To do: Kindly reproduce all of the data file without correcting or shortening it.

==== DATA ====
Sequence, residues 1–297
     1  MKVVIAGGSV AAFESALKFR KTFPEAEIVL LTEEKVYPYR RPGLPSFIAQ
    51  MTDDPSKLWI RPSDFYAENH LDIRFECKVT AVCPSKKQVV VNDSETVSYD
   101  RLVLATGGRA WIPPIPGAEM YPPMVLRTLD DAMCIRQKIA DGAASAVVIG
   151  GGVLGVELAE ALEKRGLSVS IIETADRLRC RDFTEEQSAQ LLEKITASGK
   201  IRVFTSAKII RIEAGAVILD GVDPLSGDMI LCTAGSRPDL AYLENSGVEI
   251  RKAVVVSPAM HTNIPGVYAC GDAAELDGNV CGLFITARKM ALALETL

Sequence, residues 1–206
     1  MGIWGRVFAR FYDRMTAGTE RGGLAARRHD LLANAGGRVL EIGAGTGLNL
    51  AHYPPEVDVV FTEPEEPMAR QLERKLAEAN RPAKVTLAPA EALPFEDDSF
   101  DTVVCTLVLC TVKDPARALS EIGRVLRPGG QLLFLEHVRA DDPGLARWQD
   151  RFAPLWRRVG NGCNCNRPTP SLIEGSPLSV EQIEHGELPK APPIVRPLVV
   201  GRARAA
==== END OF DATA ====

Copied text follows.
Sequence, residues 1–297
     1  MKVVIAGGSV AAFESALKFR KTFPEAEIVL LTEEKVYPYR RPGLPSFIAQ
    51  MTDDPSKLWI RPSDFYAENH LDIRFECKVT AVCPSKKQVV VNDSETVSYD
   101  RLVLATGGRA WIPPIPGAEM YPPMVLRTLD DAMCIRQKIA DGAASAVVIG
   151  GGVLGVELAE ALEKRGLSVS IIETADRLRC RDFTEEQSAQ LLEKITASGK
   201  IRVFTSAKII RIEAGAVILD GVDPLSGDMI LCTAGSRPDL AYLENSGVEI
   251  RKAVVVSPAM HTNIPGVYAC GDAAELDGNV CGLFITARKM ALALETL

Sequence, residues 1–206
     1  MGIWGRVFAR FYDRMTAGTE RGGLAARRHD LLANAGGRVL EIGAGTGLNL
    51  AHYPPEVDVV FTEPEEPMAR QLERKLAEAN RPAKVTLAPA EALPFEDDSF
   101  DTVVCTLVLC TVKDPARALS EIGRVLRPGG QLLFLEHVRA DDPGLARWQD
   151  RFAPLWRRVG NGCNCNRPTP SLIEGSPLSV EQIEHGELPK APPIVRPLVV
   201  GRARAA